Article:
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Sanders files suit against Collier, City of Selma for Toure’s 2018 arrest

Selma lawyer and former Alabama senator Hank Sanders held a press conference Tuesday to announce that he and wife Faya Rose Toure have filed a lawsuit against outgoing Selma Police Department (SPD) Chief Spencer Collier, SPD officer Devon McGuire and others and the City of Selma for Toure’s arrest last year for allegedly “shoplifting campaign signs.”

In the suit, Sanders and Toure allege false arrest, false imprisonment, assault, battery, negligence, abuse of the legal process, defamation and more.

“I don’t file lawsuits lightly,” Sander said. “This is a persecution.”

Sanders said that Toure had originally taken issue with campaign signs placed around the city prior to last year’s election – Sanders said the signs were posted in violation of a City of Selma ordinance, which bars the posting of such signs on public right of ways.

Toure claims that the campaign signs of black candidates were being removed by city employees while the signs of white candidates were allowed to remain in place.

Sanders said that Toure brought her concerns to the city’s attention and vowed to remove the offending signage if the city didn’t take action.

According to Sanders, an undercover cop was enlisted to track Toure in the event that she made good on her promise.

“Toure was arrested with her hands cuffed behind her back at length hurting her wrist, which had been broken,” a press release from Sanders’ office said. “Police left her 12-year-old granddaughter on the streets by herself, refusing to allow Toure to call her granddaughter’s parents.”

During the press conference, Sanders claimed that SPD officers refused to allow Toure to call a bail bondsman and demanded a cash bond – Toure refused and spent the next two days in jail.

Along with Toure’s treatment, Sanders is taking issue with the fact that, nearly a year later, there has still not been a trial.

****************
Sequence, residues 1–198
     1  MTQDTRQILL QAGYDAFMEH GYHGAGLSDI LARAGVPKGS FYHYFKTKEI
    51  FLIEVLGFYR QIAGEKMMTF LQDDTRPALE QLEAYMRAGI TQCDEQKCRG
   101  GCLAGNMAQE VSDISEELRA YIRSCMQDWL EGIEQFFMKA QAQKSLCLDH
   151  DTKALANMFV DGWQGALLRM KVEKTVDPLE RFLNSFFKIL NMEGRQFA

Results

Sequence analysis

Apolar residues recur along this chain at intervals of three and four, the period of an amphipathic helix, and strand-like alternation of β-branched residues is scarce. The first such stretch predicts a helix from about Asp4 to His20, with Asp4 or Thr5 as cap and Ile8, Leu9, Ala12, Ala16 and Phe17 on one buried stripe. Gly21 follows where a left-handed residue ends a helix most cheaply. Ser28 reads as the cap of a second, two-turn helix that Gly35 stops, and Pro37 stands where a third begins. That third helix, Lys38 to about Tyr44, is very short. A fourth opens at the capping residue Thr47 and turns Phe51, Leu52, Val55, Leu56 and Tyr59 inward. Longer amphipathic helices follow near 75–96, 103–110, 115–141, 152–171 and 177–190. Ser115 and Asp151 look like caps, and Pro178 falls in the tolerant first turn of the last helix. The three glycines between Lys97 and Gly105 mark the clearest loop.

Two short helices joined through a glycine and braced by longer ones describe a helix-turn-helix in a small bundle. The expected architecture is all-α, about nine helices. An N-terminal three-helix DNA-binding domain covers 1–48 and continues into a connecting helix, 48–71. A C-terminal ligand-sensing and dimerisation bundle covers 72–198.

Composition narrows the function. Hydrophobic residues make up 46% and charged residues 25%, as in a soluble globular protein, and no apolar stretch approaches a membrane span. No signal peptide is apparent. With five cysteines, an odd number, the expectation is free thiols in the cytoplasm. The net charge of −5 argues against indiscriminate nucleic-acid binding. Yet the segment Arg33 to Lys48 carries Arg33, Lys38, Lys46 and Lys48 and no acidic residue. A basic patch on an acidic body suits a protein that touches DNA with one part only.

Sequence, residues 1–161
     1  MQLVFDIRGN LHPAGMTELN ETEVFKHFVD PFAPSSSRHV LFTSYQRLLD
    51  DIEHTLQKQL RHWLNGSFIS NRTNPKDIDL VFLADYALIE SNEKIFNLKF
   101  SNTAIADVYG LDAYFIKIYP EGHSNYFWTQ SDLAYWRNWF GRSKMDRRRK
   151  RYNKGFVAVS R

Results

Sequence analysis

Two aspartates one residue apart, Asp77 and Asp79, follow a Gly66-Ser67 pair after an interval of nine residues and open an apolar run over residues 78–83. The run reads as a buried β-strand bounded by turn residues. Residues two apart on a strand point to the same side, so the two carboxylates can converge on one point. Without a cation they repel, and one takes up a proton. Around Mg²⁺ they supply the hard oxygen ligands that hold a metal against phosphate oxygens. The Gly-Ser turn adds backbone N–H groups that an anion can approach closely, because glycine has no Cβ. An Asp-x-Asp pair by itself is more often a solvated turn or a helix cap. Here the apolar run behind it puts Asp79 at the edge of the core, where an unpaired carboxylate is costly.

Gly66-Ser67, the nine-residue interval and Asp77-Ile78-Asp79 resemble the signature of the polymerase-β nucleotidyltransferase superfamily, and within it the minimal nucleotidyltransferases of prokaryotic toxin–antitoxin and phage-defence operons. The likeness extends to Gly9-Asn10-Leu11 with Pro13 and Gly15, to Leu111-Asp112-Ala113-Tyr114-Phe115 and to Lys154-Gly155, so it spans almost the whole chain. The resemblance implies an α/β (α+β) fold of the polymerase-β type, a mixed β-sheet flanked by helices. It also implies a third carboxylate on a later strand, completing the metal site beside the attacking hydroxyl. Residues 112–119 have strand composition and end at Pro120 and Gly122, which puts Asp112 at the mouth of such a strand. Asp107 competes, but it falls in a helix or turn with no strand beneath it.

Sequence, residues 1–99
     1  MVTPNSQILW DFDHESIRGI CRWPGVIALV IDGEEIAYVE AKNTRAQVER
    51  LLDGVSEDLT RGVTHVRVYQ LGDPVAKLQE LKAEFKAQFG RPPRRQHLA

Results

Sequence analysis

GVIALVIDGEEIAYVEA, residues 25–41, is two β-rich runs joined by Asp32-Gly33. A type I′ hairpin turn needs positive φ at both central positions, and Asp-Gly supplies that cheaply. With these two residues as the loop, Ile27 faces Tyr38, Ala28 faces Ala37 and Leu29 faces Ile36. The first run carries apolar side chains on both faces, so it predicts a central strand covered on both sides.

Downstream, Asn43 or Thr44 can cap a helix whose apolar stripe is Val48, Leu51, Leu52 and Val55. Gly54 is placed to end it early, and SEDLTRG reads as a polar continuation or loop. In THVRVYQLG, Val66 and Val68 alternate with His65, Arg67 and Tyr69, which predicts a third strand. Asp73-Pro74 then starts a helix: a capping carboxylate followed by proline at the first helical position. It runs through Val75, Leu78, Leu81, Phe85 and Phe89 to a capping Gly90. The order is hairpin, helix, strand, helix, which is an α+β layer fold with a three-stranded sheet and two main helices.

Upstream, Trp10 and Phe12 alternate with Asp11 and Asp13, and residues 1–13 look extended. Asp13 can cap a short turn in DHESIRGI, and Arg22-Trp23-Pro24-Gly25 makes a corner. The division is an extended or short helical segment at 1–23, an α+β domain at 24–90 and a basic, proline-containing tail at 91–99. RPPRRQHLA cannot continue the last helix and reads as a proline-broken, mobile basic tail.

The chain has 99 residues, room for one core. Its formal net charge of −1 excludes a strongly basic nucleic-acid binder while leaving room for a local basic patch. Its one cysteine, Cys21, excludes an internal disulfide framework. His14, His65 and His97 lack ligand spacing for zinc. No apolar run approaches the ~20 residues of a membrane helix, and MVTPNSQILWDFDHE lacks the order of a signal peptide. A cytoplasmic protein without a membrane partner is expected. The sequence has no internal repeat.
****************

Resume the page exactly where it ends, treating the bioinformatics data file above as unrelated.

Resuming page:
“It’s a year later and they haven’t given her a trial,” Sanders said. “And they haven’t given her a trial because no crime was committed.”

In the press release, Sanders also stated that Toure has been denied access to videos and other evidence related to the case.

Sanders further alleged that anonymous sources sent the arrest information to the Alabama Bar Association in an effort to damage Toure’s professional reputation.

“This is an abuse of the legal process,” Sanders said. “I’m sick and tired of not being able to get a trial. We didn’t have any choice but to file a lawsuit and try to bring this to a head.”

Sanders said Collier’s imminent departure from the SPD bears no weight on his decision.

“This isn’t connected with him leaving,” he said. “This isn’t connected with him leaving,” Sanders said. “It’s connected with him serving.”

Sanders accused Collier of lying about “any number of things,” including the rate of speed at which Toure was traveling during the time of her arrest, and said the incident is “personal.”

The lawsuit, filed in Dallas County Circuit Court, as Sanders claims that he has been unable to gain traction in city court, is seeking “judgment against all defendants” in the amount of $1 million for compensatory damages and $3 million in punitive damages.

“We intend to push it just as hard as we can and as fast as we can,” Sanders said.

Despite his outrage, Sanders is not unwilling to speak with those at the center of the allegations.

“I’m still willing to talk to anybody,” Sanders said. “I hope somebody will show good sense and stop this persecution.”